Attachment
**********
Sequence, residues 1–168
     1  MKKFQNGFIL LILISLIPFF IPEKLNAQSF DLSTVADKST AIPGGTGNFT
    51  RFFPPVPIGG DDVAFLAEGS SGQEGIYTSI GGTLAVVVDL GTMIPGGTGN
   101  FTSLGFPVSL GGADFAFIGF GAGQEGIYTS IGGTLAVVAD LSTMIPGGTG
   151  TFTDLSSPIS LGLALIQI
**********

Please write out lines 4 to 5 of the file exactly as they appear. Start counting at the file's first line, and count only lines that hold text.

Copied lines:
   101  FTSLGFPVSL GGADFAFIGF GAGQEGIYTS IGGTLAVVAD LSTMIPGGTG
   151  TFTDLSSPIS LGLALIQI